This surveys selected developments in telecommunications law. The prevailing legal and regulatory framework is shaped by jurisdiction at the Federal, State and Town levels. The practical framework is shaped by a dynamic technological, investment and economic context.
The Telecommunications Act of 1996 (“TCA”) was designed to refashion the Federal regulatory framework which had been in place since the Communications Act of 1934. Broadly, the TCA created three distinct regulatory paths: telecommunications, cable and mobile wireless. Telecommunications policy is based on a common carrier model; telecommunications networks must be made available to competitors on a nondiscriminatory, competitively neutral basis. Cable policy is based on a proprietary model; cable companies own their networks and have no obligation to permit use by competitors. Mobile wireless policy preserved local zoning authority, subject to three procedural and two substantive limitations.
The internet, already burgeoning in 1996, was not classified within one of these regulatory paths. Cable operators sought to classify internet service as a cable service to be provided on its proprietary networks. Internet service providers and municipalities sought to classify internet service as a telecommunications service subject to common carrier rules. Litigation ensued. Different circuit courts of appeals held variously that internet service was a cable service or a telecommunication service. Finally, in 2004, the Federal Communications Commission (“FCC”) ruled that internet service was neither a cable nor a telecommunication service, but “an interstate information service” and was subject only to jurisdiction of the FCC.
Cable is a defacto monopoly in New Hampshire. Both New Hampshire Law, (RSA 53-C) and Federal law (Cable Act) prohibit the granting of exclusive cable franchises. What has driven the monopoly status of cable is economics and technology. Cable began as an engineering solution to propagate over the air television broadcast signals. Cable operators built and deployed their systems to gain revenue generated only by providing video programming. Although Federal and State law forbade the granting of monopoly status to cable operators, cable operators effectively enjoyed that status because there was not economic incentive sufficient to justify the building of a separate cable system to compete for the single revenue stream to be generated by video programming. The legal, technological and economic context has now shifted. Cable operators enjoy three revenue streams from their cable systems: telecommunications or telephone services, which are regulated by the Public Utilities Commission (“NHPUC”), video programming, provided pursuant to a cable franchise granted by the governing bodies of municipalities, and internet service, which is regulated by the FCC. Competitive cable providers are emerging. Our office assisted the Town of Hollis in negotiating a competitive cable franchise for TDS and we are presently assisting Henniker with a similar negotiation. Both of those Towns had been served by a single cable provider, Comcast. In addition, FairPoint Communications, which took over the Verizon New Hampshire land line system by virtue of a decision of the NHPUC, warranted to NHPUC that it would provide a competitive cable service.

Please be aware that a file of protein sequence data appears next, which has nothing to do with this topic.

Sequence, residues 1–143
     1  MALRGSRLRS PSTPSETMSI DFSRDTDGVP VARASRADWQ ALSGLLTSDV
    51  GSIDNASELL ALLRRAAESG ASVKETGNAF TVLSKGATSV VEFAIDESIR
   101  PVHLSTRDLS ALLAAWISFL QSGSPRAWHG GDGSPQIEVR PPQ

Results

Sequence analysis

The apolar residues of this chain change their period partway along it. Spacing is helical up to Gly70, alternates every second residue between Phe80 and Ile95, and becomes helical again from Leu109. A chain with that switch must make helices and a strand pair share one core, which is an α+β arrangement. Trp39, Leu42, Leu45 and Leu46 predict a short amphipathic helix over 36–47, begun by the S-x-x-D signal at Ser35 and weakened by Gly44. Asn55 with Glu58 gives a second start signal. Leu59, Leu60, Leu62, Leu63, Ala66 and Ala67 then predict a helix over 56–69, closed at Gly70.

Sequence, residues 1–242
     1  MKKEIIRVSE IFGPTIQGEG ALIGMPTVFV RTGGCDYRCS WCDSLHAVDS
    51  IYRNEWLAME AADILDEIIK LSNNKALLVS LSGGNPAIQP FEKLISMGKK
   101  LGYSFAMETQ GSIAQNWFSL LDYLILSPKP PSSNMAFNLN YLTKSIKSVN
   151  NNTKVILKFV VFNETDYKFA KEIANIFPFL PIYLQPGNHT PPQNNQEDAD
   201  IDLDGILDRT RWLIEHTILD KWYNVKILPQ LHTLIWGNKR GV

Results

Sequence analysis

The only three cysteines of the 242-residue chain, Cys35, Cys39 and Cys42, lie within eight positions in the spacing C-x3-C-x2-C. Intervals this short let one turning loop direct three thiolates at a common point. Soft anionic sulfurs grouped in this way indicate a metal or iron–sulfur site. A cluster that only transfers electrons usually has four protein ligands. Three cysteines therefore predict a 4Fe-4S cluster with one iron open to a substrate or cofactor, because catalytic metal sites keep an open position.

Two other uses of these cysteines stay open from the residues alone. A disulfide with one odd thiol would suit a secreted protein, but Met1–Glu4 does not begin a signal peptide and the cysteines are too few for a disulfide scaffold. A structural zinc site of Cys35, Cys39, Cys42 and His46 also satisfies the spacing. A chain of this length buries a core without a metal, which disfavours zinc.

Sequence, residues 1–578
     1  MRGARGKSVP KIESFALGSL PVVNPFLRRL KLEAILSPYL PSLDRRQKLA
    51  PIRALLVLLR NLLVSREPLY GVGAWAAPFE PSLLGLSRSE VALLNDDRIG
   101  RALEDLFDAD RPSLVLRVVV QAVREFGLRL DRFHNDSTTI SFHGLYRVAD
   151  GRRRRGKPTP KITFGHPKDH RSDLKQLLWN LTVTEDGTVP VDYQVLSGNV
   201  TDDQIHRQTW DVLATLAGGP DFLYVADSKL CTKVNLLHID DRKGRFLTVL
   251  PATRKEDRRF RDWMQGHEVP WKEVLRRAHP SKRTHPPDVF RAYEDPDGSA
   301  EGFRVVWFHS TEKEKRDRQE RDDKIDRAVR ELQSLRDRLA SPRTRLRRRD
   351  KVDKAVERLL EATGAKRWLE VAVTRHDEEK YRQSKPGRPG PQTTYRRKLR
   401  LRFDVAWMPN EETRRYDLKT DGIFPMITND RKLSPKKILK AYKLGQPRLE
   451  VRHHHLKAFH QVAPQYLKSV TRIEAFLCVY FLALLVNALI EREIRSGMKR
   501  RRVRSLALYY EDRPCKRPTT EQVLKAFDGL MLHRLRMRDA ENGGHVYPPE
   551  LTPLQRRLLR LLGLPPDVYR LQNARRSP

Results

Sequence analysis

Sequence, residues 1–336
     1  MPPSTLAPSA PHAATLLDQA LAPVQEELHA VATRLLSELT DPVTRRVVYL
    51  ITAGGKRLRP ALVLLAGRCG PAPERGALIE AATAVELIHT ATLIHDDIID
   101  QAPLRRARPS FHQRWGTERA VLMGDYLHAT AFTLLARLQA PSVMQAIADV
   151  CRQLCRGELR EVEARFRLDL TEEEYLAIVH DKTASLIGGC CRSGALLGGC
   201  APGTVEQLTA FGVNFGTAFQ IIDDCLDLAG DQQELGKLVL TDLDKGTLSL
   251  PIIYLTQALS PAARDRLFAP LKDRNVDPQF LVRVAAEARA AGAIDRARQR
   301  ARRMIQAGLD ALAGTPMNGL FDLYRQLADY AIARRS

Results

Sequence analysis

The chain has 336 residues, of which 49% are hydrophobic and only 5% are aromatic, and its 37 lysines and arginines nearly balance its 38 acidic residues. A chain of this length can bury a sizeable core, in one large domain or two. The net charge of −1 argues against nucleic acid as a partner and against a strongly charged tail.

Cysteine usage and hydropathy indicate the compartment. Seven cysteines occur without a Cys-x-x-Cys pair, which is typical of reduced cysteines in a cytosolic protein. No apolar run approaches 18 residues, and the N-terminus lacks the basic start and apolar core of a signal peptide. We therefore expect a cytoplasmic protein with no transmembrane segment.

Network New Hampshire Now is a project funded by federal, ($44.5 million) and private ($21.5 million) grants which is designed to build out the broadband infrastructure in New Hampshire. The project consists of 5 distinct elements. The middle mile fiber project calls for construction of 750 miles of open access, nondiscriminatory dark fiber optic cables through all ten counties in New Hampshire: a broadband highway to be leased by providers of services to residences and businesses. Over 620 miles of the 750 miles of fiber have been constructed. A second element is the New Hampshire Department of Transportation middle mile fiber project, consisting of 20 miles of fiber within the limited access right of way along I-93 between Concord and New Hampshire. This network, nearly complete, will be used by the Department of Transportation to operate its intelligent transportation systems. A third element is the New Hampshire FastRoads last mile project, consisting of 86 miles of last mile fiber (fiber to the premises) and leasing of 186 miles of the middle mile fiber for an open access Ethernet Network in western New Hampshire. We are legal counsel to New Hampshire FastRoads. Nearly 75% of the 86 total miles of fiber have been constructed and there are presently commitments to connect fiber to the premises for 523 residences in Rindge and Enfield as well as 235 community anchor institutions from Orford to Rindge. The NHSafeNet Public Safety Microwave Project is a shared public safety microwave system constructed on 20 mountain tops in New Hampshire. Finally, the University System of New Hampshire is creating a research and education network which will interconnect the campuses of the University System of New Hampshire as well as Dartmouth and the Community College System of New Hampshire.